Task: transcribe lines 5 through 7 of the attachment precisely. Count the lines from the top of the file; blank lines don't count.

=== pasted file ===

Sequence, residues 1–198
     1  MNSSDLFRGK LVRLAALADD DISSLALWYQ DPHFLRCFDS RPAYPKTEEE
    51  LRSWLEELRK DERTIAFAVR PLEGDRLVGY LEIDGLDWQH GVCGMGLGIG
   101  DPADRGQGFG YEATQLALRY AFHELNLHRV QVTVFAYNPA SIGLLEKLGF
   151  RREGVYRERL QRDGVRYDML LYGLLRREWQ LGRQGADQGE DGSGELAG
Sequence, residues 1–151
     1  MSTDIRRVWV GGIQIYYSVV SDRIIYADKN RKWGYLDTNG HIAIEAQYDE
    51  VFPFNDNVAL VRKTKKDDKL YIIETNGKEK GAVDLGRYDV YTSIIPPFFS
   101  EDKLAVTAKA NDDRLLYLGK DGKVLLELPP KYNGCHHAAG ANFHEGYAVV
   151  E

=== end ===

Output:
   151  RREGVYRERL QRDGVRYDML LYGLLRREWQ LGRQGADQGE DGSGELAG
Sequence, residues 1–151
     1  MSTDIRRVWV GGIQIYYSVV SDRIIYADKN RKWGYLDTNG HIAIEAQYDE